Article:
As the Martian dust began to settle around NASA's Curiosity rover, jubilant mission-control scientists at the Jet Propulsion Laboratory were treated to a rousing pep talk by President Obama's science advisor, John Holdren. Having just monitored the entry, descent and successful landing of the car-sized Curiosity, they hardly needed anybody to tell them they were good. But Holdren pumped them up a bit more, anyway.
The "most challenging mission... in the history of robotic planetary exploration", he said, "will stand as an American point of pride far into the future."
However, Holdren went on: "Our continued pre-eminence and progress in space and here on Earth... depends on our continuing commitment to science, technology and innovation, and the passion for adventure that has driven us to explore new worlds.
"By maintaining our investment in basic research and exploration we ensure America will remain at the forefront of the scientific frontier."
All of that sounds like very good value for the $2.5 billion that it will have cost to build Curiosity, launch it and run it on Mars for the next two years.
But just in case the President's message was unclear, Holdren added: "The administration is committed to a vibrant and co-ordinated strategy of Mars exploration and planetary exploration more generally."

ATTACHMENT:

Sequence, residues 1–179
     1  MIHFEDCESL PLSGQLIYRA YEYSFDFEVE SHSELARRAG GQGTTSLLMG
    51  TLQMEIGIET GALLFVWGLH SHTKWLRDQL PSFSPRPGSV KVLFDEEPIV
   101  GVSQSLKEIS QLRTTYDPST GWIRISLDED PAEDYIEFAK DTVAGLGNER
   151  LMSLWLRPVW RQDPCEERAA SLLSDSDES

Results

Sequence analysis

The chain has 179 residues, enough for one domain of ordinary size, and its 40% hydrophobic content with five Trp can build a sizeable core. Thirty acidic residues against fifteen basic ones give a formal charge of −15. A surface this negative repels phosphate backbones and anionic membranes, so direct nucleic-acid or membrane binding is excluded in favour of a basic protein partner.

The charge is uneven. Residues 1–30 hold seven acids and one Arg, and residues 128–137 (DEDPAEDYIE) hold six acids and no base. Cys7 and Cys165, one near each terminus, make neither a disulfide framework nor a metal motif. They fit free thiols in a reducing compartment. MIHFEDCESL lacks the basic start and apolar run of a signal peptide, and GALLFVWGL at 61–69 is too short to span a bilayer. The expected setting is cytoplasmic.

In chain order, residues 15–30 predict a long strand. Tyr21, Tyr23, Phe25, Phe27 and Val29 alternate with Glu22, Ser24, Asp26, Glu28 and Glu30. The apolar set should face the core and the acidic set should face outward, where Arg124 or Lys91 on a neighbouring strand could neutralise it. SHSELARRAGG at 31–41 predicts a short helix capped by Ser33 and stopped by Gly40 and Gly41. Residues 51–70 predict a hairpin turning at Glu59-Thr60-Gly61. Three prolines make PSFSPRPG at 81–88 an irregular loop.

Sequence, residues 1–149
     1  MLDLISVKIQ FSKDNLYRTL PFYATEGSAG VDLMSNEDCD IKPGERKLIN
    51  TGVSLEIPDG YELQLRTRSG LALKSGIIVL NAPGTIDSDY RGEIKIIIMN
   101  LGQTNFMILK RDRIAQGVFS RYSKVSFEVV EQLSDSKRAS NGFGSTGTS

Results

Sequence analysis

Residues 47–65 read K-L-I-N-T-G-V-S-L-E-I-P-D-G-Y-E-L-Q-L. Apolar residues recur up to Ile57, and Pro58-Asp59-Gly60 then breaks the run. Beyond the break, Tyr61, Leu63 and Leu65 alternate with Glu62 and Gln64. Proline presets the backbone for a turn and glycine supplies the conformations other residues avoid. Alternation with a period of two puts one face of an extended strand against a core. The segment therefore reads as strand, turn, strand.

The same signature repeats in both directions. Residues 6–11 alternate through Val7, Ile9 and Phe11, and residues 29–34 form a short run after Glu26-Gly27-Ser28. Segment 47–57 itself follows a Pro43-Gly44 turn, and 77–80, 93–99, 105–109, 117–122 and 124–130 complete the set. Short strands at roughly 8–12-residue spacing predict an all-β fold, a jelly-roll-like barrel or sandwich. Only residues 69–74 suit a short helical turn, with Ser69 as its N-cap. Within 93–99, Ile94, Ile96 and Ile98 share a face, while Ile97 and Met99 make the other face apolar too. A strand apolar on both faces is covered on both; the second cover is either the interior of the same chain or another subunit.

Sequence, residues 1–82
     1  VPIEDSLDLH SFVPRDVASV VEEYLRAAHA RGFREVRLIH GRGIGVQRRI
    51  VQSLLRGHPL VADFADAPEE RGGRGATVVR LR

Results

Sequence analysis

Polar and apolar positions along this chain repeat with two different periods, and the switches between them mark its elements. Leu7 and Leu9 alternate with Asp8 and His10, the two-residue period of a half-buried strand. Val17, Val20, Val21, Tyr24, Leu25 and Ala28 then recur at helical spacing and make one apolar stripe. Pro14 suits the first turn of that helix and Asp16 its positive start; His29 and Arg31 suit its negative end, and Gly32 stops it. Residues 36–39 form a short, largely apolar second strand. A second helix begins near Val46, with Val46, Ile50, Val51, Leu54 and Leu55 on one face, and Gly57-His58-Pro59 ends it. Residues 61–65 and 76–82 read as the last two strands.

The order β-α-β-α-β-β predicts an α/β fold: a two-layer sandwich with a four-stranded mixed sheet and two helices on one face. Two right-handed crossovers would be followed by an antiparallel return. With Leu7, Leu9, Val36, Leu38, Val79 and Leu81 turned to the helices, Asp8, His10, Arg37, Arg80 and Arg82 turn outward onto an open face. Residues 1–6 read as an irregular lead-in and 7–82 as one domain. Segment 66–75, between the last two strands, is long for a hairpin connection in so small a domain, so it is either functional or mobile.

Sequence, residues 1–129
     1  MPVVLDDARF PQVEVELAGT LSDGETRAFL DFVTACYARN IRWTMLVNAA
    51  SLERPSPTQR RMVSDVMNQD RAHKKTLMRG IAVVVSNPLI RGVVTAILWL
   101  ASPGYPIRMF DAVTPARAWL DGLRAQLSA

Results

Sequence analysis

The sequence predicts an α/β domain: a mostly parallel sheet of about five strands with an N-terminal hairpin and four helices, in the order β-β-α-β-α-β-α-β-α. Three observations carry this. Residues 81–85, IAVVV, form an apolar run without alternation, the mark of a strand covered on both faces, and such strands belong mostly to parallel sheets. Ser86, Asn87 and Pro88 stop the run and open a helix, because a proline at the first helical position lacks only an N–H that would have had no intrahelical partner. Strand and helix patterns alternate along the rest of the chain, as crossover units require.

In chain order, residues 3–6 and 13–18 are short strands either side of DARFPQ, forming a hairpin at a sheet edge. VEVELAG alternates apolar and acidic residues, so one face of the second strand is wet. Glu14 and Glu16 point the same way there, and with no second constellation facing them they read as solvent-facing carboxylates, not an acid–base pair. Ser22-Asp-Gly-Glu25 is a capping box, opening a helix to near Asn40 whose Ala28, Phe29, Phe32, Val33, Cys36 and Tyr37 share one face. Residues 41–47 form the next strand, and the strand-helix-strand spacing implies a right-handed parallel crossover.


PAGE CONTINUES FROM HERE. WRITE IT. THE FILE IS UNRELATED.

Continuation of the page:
President Obama, of course, does not need to tell those scientists at JPL they are doing something worthwhile. But Holden surely chose his words carefully, in particular the phrase "a vibrant and co-ordinated strategy", because he was really addressing Congress, which controls the money.
The sad fact is that as things stand NASA has no funded Mars plans beyond Curiosity. A mission with no follow-on does not represent a strategy, let alone a vibrant one.
Nor is it co-ordinated, which everybody at NASA knows it needs to be. Earlier this year, NASA told the European Space Agency that, thanks to Congress's refusal to play ball, it had to pull out of planned joint 2016 and 2018 ExoMars missions.
The Russians stepped in, so everybody's Mars goals - including, eventually, a sample return mission - can carry on after Curiosity.
Let us hope, though, that Congress changes course and lets NASA rejoin the Mars effort. Curiosity is magnificent, but it would be a terrible shame if its final achievement was to come to rest at the end of USA's exploration road.
(This first appeared as the main leading article in Flight International 14 August 2012)